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The alchemists: Courts as democracy-builders in contemporary thought

Published online by Cambridge University Press:  25 April 2017

Melbourne Law School, University of Melbourne, 185 Pelham Street, Carlton VIC 3053, Australia


Can courts really ‘build’ democracy in a state emerging from undemocratic rule? In contemporary thought, courts are perceived as central components in any political settlement aimed at achieving a functioning democratic order in a previously authoritarian state (this piece, unlike others in the special collection, does not specifically address post-conflict contexts). The past four decades have witnessed an increasing tendency in post-authoritarian states to place significant faith in courts as guardians of the new democratic dispensation – a trend replicated in contemporary democracy-building projects (e.g. Tunisia). Constitutional courts (including supreme courts) are expected not only to breathe life into the paper promises of the democratic constitutional text, but also, increasingly, to guard and build democracy itself by policing political adherence to emerging transnational norms of democratic governance. Outside the state, regional human rights courts have also been cast as democracy-builders, acting as a support, backup mechanism, and even surrogate for domestic courts. Yet, despite this ‘court obsession’, our understanding of courts as democracy-builders remains critically underdeveloped. This article argues that while it has been assumed that courts have a central role to play in democracy-building, this assumption is based on rather slim evidence and undermined by yawning gaps in existing research.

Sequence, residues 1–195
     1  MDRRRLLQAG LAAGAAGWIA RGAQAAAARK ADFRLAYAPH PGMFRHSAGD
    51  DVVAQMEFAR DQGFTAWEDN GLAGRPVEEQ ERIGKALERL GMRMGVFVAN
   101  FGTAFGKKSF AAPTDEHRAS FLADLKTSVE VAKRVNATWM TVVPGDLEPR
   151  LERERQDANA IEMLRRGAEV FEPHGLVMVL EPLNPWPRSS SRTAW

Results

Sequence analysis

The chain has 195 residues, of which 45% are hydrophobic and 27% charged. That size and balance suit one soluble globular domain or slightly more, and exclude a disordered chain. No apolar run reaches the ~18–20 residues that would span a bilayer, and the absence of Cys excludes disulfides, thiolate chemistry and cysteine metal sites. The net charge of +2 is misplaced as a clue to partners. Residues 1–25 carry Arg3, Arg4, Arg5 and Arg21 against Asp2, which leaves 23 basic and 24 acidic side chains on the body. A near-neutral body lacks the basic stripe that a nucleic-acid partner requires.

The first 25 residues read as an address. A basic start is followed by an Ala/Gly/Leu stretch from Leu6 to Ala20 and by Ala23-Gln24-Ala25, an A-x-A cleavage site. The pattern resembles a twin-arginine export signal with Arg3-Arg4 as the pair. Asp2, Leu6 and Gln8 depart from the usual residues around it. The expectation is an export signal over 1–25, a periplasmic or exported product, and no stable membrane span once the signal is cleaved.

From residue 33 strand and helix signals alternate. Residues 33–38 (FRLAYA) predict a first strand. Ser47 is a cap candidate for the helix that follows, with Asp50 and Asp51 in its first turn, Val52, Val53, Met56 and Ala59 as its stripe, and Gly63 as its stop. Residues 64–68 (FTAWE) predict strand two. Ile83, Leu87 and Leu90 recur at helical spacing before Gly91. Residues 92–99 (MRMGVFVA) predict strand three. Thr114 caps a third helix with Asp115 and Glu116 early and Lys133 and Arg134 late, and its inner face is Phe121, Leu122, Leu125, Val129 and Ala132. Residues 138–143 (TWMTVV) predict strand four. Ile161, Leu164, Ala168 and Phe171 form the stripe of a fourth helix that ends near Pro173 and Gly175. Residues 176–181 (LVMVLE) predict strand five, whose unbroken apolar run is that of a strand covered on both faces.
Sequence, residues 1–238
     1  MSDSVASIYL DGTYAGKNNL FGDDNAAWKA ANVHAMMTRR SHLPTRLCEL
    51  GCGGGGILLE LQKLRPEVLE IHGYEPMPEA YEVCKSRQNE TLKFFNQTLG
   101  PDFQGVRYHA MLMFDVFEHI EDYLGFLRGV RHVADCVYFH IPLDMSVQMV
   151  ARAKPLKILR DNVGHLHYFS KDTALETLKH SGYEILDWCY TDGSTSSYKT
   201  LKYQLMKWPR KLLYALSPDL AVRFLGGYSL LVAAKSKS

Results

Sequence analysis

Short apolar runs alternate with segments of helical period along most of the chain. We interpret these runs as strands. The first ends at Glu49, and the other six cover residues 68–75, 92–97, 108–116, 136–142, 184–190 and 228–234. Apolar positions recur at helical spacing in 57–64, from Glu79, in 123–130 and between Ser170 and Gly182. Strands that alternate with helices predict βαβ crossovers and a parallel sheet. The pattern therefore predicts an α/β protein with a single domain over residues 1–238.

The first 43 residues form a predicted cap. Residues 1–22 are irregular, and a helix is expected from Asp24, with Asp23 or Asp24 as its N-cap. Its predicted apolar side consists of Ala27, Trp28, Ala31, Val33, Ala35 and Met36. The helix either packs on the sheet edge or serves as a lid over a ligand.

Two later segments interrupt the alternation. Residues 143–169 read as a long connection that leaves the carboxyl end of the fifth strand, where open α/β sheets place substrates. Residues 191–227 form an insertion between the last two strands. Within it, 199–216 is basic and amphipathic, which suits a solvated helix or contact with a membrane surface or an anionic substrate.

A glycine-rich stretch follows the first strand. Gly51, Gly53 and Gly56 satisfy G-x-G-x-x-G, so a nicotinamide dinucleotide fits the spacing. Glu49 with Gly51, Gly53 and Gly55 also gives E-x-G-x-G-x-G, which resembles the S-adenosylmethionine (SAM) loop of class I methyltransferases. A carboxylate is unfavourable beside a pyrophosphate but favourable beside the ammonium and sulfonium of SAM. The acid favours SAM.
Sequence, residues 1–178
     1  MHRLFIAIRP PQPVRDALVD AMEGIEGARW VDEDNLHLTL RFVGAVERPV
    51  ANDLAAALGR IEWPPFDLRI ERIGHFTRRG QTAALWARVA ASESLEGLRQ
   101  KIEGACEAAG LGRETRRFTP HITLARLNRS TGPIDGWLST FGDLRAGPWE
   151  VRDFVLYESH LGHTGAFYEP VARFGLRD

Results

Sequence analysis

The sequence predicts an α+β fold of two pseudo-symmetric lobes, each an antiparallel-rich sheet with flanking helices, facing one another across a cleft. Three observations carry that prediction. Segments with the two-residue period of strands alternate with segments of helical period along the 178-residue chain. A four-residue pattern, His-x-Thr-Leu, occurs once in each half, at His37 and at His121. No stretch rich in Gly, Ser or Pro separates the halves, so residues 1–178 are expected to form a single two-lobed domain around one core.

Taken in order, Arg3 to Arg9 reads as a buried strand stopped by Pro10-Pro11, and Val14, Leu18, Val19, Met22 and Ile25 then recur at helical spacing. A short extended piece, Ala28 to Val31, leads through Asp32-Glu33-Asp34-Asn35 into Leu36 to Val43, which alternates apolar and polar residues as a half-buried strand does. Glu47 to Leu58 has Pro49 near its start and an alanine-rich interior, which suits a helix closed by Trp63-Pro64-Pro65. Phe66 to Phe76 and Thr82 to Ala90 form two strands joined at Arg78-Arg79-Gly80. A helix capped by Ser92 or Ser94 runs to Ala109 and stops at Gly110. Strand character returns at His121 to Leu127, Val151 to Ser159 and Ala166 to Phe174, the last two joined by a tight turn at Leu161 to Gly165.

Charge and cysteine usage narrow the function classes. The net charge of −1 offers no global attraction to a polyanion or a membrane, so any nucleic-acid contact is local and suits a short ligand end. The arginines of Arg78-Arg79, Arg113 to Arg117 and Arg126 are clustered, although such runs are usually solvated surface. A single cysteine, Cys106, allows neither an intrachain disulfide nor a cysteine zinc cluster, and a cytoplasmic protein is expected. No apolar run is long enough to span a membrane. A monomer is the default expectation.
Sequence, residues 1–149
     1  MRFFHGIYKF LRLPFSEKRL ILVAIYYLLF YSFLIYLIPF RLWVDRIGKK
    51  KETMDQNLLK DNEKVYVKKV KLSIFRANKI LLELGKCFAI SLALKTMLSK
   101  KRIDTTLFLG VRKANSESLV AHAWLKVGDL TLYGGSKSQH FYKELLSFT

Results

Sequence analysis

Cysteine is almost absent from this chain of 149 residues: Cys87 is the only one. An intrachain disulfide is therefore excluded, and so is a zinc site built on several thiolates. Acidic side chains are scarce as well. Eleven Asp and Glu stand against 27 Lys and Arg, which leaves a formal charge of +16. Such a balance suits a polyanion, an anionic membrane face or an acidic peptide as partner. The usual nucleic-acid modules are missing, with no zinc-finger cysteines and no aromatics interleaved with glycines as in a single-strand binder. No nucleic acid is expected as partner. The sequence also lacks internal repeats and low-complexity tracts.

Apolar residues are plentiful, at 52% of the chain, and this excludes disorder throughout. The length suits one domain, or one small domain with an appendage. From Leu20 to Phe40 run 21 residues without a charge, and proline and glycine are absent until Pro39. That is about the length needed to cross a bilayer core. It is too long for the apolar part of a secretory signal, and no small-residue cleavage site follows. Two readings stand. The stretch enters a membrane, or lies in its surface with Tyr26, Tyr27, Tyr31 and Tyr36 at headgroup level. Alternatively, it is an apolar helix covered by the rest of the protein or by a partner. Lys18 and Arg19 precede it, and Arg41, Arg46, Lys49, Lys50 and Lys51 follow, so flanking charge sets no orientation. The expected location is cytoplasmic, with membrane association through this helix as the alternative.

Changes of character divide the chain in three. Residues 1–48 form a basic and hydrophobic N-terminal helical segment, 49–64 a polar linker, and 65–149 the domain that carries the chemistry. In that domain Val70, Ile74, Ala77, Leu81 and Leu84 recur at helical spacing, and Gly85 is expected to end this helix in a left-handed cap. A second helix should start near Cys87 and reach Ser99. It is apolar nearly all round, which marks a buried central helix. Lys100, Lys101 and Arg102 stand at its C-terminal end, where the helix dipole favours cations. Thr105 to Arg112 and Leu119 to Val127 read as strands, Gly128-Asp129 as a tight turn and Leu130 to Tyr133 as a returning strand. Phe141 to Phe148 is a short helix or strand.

Special Issue: Constitution-making and political settlements in times of transition
Copyright © Cambridge University Press 2017 

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6 See arts 118–125 of the 2014 Constitution. Arts 80, 84, 88 and 144 set out additional functions.

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110 Two papers presented at a conference in 2014 devoted themselves to this argument: X Soley Echeverría, ‘The Legitimatory Discourse of Inter-American Constitutional Adjudication’; and S Hentrei, ‘The Conventionality Control of the Inter-American Court of Human Rights as a Manifestation of Complementarity’, ‘Latin American Constitutionalism: Between Law and Politics’, University of Glasgow, 2 July 2014. See also J Contesse, ‘Inter-American constitutionalism: the interaction between human rights and progressive constitutional law in Latin America’ in Rodríguez-Garavito, C (ed), Law and Society in Latin America: A New Map (Routledge, Abingdon, 2014).Google Scholar

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